Everyone with some basic knowledge on the TCP/IP protocol knows that TCP can cope with lost packets. The lost packet is retransmitted, the send-rate is throttled back a bit and on it goes. I just found this usenet-post by stanislav shalunov giving a formula to calculate just how much bandwidth remains after all that “throttling back”:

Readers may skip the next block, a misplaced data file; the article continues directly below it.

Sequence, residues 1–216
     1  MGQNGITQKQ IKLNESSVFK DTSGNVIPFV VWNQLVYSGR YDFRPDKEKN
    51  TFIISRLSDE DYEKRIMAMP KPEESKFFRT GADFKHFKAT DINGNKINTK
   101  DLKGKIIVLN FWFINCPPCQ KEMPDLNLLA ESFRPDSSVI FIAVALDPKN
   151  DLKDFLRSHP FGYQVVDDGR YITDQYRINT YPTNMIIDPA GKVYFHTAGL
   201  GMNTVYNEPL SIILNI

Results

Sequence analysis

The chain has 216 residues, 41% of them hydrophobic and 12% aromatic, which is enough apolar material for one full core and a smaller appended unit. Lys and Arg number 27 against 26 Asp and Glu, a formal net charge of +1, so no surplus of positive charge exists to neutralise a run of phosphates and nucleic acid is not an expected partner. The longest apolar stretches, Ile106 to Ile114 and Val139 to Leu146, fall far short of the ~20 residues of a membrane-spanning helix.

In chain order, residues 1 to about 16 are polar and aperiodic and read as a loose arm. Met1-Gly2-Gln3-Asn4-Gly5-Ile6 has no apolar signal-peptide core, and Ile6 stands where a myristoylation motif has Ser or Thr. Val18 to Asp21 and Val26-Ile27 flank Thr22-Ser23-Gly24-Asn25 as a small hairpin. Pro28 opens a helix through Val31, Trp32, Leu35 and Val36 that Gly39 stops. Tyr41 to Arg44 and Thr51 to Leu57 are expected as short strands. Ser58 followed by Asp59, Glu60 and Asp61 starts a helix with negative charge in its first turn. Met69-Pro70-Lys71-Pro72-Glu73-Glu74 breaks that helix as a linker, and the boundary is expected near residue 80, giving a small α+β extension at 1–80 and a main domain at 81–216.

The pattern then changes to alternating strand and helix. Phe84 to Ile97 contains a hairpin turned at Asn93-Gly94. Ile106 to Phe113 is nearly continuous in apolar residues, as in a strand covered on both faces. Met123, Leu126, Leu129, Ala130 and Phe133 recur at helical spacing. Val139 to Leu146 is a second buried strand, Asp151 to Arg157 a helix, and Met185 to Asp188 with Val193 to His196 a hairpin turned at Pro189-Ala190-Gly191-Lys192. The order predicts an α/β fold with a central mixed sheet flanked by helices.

Standard TCP has throughput that’s limited by approximately MSS/(RTT*sqrt(loss)). Therefore, if your MSS is 1460B and RTT 70ms (typical for a cross-continent path), you need no more no more than 0.0003% packet loss to get 100Mb/s or 0.03% to get 10Mb/s. Note that, because of that square root, every doubling of required throughput means dividing permissible packet loss by four.